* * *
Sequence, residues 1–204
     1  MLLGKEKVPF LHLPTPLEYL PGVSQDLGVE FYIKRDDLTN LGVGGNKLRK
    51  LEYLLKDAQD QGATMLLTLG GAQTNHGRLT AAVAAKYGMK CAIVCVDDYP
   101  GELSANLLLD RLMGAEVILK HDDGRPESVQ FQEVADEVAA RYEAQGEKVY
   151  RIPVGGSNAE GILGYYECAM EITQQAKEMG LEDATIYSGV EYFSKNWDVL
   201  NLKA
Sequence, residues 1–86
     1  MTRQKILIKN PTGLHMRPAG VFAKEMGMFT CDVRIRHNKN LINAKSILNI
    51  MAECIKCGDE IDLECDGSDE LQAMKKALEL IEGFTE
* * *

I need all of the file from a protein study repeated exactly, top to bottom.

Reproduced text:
Sequence, residues 1–204
     1  MLLGKEKVPF LHLPTPLEYL PGVSQDLGVE FYIKRDDLTN LGVGGNKLRK
    51  LEYLLKDAQD QGATMLLTLG GAQTNHGRLT AAVAAKYGMK CAIVCVDDYP
   101  GELSANLLLD RLMGAEVILK HDDGRPESVQ FQEVADEVAA RYEAQGEKVY
   151  RIPVGGSNAE GILGYYECAM EITQQAKEMG LEDATIYSGV EYFSKNWDVL
   201  NLKA
Sequence, residues 1–86
     1  MTRQKILIKN PTGLHMRPAG VFAKEMGMFT CDVRIRHNKN LINAKSILNI
    51  MAECIKCGDE IDLECDGSDE LQAMKKALEL IEGFTE